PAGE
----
Tulsa, Oklahoma, projects to clean up contaminated property recently received $300,000 in supplemental funding from the Revolving Loan Fund (RLF), a portion of the $10.7 million recently awarded by the Environmental Protection Agency (EPA).
“Tulsa is a nationwide leader in revitalizing neighborhoods by leveraging EPA brownfields grants to clean up abandoned, contaminated properties,” EPA Regional Administrator Ron Curry said. “From the BOK Center to the Mayo Hotel, Tulsa has shown that environmental protection and economic development can go hand-in-hand.”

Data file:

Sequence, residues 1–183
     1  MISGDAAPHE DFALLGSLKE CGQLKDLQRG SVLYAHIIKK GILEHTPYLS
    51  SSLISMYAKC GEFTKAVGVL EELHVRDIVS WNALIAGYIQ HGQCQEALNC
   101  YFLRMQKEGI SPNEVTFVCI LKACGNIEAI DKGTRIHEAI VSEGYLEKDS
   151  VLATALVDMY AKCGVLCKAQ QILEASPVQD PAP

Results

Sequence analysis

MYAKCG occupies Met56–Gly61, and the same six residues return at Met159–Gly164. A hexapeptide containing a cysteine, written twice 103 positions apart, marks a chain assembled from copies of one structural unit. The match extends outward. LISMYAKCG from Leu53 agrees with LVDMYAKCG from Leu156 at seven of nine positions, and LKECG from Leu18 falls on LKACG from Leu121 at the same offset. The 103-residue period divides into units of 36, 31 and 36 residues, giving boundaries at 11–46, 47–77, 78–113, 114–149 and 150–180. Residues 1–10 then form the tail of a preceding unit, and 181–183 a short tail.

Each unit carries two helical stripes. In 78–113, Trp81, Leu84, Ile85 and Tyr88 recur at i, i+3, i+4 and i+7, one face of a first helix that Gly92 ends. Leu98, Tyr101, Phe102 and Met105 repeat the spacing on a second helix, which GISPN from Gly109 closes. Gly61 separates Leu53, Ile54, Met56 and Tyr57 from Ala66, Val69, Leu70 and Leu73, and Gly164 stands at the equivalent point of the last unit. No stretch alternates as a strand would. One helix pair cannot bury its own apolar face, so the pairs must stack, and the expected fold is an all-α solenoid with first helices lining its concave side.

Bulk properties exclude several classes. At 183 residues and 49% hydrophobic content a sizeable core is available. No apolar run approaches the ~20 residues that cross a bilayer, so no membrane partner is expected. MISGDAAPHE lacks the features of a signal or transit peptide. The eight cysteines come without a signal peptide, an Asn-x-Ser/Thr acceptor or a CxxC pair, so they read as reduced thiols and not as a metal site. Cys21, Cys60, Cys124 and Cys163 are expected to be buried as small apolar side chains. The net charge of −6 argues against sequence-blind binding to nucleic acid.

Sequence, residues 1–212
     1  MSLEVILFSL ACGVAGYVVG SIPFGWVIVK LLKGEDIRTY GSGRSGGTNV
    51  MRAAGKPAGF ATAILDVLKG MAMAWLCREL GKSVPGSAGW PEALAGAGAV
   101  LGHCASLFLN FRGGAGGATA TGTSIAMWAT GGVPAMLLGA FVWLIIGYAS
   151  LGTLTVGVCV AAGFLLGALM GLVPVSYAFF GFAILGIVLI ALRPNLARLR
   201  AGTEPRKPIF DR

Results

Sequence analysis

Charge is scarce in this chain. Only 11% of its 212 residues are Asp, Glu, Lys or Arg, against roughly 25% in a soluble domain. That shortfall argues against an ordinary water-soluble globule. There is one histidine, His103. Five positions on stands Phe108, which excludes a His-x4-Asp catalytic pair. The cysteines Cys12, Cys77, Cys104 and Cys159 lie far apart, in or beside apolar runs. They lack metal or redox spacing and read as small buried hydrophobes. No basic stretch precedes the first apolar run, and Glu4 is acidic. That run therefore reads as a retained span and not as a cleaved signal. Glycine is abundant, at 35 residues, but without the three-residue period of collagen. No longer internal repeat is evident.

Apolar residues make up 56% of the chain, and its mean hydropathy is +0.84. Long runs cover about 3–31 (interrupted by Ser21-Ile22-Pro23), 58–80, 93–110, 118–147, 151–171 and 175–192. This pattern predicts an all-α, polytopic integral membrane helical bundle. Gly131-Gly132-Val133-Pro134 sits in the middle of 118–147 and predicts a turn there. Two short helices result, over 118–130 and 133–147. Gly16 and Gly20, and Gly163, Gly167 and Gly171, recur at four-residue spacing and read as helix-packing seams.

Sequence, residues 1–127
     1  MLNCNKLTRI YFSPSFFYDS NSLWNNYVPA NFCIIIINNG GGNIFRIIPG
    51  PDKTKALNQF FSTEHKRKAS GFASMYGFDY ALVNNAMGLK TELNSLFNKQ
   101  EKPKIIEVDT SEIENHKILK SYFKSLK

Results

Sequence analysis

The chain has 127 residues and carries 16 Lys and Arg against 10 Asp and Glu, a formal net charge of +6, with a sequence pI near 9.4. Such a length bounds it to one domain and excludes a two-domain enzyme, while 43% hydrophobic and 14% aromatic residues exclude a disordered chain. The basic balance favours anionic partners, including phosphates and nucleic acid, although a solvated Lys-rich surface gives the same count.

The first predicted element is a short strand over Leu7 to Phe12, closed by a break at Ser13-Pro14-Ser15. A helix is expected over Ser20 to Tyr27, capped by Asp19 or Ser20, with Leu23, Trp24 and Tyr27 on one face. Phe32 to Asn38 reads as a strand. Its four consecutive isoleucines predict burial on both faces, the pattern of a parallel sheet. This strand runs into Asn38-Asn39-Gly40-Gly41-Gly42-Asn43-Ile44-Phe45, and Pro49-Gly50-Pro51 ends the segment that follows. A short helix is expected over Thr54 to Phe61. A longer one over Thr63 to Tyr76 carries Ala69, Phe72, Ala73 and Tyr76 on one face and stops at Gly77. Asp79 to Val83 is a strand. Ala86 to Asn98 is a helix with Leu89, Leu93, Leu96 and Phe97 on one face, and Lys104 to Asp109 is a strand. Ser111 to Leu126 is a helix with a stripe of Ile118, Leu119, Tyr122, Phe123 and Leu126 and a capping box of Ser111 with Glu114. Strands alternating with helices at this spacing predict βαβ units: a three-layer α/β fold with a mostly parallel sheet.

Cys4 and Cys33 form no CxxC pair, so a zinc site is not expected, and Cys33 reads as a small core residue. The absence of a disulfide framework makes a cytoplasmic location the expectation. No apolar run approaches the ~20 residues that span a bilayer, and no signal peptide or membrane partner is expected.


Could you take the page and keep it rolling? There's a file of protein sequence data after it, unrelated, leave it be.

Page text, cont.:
The EPA estimates that there are approximately 450,000 abandoned and contaminated sites across the country. In partially funding projects to rehabilitate and renovate these properties, the EPA helps them create jobs, promote public and environmental health and revitalize their communities, which typically experience economic growth. According to the EPA, a recent study showed property values increasing by 5 percent to 15 percent following the completion of brownfield cleanups and increases of $29 million to $97 million in tax revenue for local governments within a year of completion.
The EPA is planning to support 33 RLF grantees through supplemental funding, ranging from $200,000 to $500,000, which will aid cleanup efforts in 40 communities around the country. Supplemental funding helps already successful projects maintain momentum and finish their cleanup efforts.